Tall Buildings and Urban Habitat: Cities in the Third Millennium

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BUILDING SYSTEMS AND CONCEPTS


Integrated Engineering

Duncan Michael

I believe in Integrated Engineering. I want to develop it and promote it. My talk will be as rational and balanced as I am able but you should be aware that I am more than a commentator.

In my youth, systems looked to me like the best way forward and I discounted the personal differences, especially the interpersonal effects. Now I observe people as hugely and compulsively social in just about everything they do, integrating themselves into their zone of society. Being stubborn I have not so much rejected systems, as attached them to all of life. Then integrated engineering is for me, a good, and a part of the expression of human society.

The Urban Habitat and one particular species in that habitat, the Tall Building, are a massive case where integrated engineering and society are well and truly locked into each other, for better for worse.

Let us look at the engineering that is invoked for a Tall Building, in its design, its construction and its operation. There is even at a glance a vast amount of engineering and within it a huge diversity of functions. Just about everything that goes towards a Tall Building is engineered whilst the technologies that are used to affirm the answers are very specialised and getting more multiple all the time.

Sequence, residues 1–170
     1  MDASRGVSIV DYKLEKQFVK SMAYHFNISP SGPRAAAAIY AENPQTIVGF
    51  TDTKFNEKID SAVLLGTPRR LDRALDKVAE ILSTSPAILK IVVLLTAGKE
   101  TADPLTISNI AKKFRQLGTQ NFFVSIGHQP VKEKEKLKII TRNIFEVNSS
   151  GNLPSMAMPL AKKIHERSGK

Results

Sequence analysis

At this point one has a strategic choice; does one set out to integrate, disintegrate or simply ignore the issue and let events produce their own results. There is a case to be made for all three strategies. The integration route, the law and order approach, is my instinctive style and so it is difficult to articulate since it is so self-evident, to me. Clearly the integration route has to be in the design from the start if it is to deliver the benefits of its potential. These benefits include balance between the parts, prevention of imaginable problems and simplicity for operation. The benefits are often described emotionally as integrity, harmony and intellectual rigour.

Many people, indeed many in the audience, will argue strongly for a more relaxed approach. They will point to cases where the integration has taken over and become the aim making the engineering, indeed the project, badly compromised because of the diverted focus. They will say that today's specialists are so expert that it is counterproductive to make presumptions to impose on the

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